IPV6 planning

Hugo Slabbert hugo at slabnet.com
Sun Mar 6 05:46:02 UTC 2016

On Sat 2016-Mar-05 23:30:10 +0100, Baldur Norddahl <baldur.norddahl at gmail.com> wrote:

>On 5 March 2016 at 22:54, <Valdis.Kletnieks at vt.edu> wrote:
>> And note that there isn't any problem with a machine getting an IPv6
>> address via SLAAC *and* getting another one via DHCPv6 - my laptop is 
>> doing that as I type (plus a privacy address or two as well).
>That is what our CPEs (from Inteno) do. Every computer has a DHCPv6
>assigned address that is short and easy (my laptop has 2a00:7660:5c6::30e).
>The DHCPv6 assigned address is also stable. In the CPE admin website the
>user can pick the computer (DHCPv6 assigned address) from a dropdown when
>configuring inbound firewall rules. It is very easy to eg. allow SSH to my
>laptop by using this feature.
>But every computer also have SLAAC and usually with privacy extensions. My
>laptop prefers the SLAAC/privacy address for outgoing connections. So I am
>not as easily tracked as if the computer used the DHCPv6 address. Currently
>my outgoing connections are from 2a00:7660:5c6::bd7d:624c:2d8c:c8d0 but
>this will change shortly to something new and random.
>Short and stable for inbound, random for outbound.

Just because this often seems to get overlooked:

In a SLAAC-only environment, even with privacy extensions enabled, client 
operating systems still generate a stable address for inbound 
connections...at least the ones I generally interact with and that you'd be 
likely to find in a LAN event.  For Linux and OS X, this will be an EUI-64 
address; Microsoft decided to be special and generates a random interface 
ID for this rather than use EUI-64, but that random interface ID is still 

This doesn't get you the "short" part of the "short and stable for inbound, 
random for outbound" DHCPv6 + SLAAC w/ privacy addresses scenario, but it 
does get you "stable for inbound" as well as "random for outbound", since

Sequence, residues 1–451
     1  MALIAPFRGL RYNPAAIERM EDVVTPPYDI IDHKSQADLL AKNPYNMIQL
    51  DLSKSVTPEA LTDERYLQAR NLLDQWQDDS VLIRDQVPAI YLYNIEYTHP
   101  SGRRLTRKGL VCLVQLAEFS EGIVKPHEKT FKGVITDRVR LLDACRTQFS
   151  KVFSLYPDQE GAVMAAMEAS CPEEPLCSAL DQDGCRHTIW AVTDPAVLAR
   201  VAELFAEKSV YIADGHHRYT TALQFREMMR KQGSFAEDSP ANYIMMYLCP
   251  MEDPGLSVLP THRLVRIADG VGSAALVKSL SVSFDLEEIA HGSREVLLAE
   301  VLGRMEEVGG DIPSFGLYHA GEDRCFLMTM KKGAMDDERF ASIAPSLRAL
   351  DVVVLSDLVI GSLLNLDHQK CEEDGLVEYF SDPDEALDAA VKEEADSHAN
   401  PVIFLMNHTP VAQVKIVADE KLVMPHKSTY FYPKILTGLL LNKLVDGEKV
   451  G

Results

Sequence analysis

privacy/temporary addresses are still preferred for outbound.

You don't get the benefit of the CPE being aware of the user's stable 
address in a nice, user-friendly drop-down, but that's your call wrt how 
much value that provides.

Back to the original question:

>>>>Basically, it seems that are two ways, one SLAAC where the endpoints 
>>>>uses RA to generate it's own IP and DHCPv6 which is basically DHCP but 
>>>>for IPv6.

Pretty much, but with some nuances.

At the very least, you will want:

1.  an IPv6 address
2.  a default gateway
3.  resolvers and possibly a dns domain / search suffix

Assuming you're not making everyone do static config, your options for #1 
i)   stateful DHCPv6 (IA_NA)
ii)  SLAAC, with the assumption that your users will in all likelihood have 
privacy extension enabled

#2, as has already been stated, comes from your RA.

#3 is the trick.  You *can* technically get resolver info from the RA with 
RDNSS, but that assumes (a) your network gear can put RDNSS in its RAs and 
(b) your clients all support RDNSS.  You still can't bank on either of 
those.  So, that means you're running stateless DHCPv6 for resolver info.  

...or, given that you're going dual-stack, you can be a lazy bum, assume 
everyone will be dual stack and do DHCPv4 as well, and stick resolver info 
in your DHCPv4 options and call it a day...but then we'd have to hunt you 
down for IPv6 heresy, plus if you have any single-stack v6 users, you're 
leaving them out in the cold.

My personal recommendation/preference:
SLAAC + stateless DHCPv6, plus RDNSS if your network gear supports it 
because why not,
i.e. RA flags are: M=0 & O=1, and A=1 for your onlink prefix.

>>>>Large events like Dreamhack have used SLAAC and the feedback has been 
>>>>mostly positive. Can anyone comment regarding past experiences with 
>>>>IPv6 gotchas and things that you don't really expect when running 
>>>>dual-stack on a large-ish network?

Karl already pointed out some good bits.

>>>Unless you take steps to prevent SLAAC happening, SLAAC will happen.
>>>The simplest way to prevent it happening is to allocate non-64-bit
>>>subnets to the router interfaces.

...or don't set the A flag in your RAs and hope the clients respect that; 
I've not personally run big issues with clients going all SLAAC-y when A=0, 
but due diligence etc.

>>> - allow all ICMPv6

Folks that haven't pushed out v6 nets yet often miss this one.  Friends 
don't let friends break PMTUD.  If people get all uppity about allowing in 
ICMPv6 from the WAN side because they're used to discarding WAN-side ping 
in v4 and you can't put your foot down heavy enough, at *least* get them to 
give you ICMPv6 types 1-4 and 128,129 inbound.

Whether or not temporary addresses are a concern for your LAN event are a 
factor of how long-lived sessions need to be for your application(s) and 
how your clients are config'd.  You can't guarantee the clients' configs 
for TEMP_VALID_LIFETIME, though if they haven't futzed with it that should 
be a week.

Cheers, and here's wishing you a great event!

Hugo Slabbert       | email, xmpp/jabber: hugo at slabnet.com
pgp key: B178313E   | also on Signal
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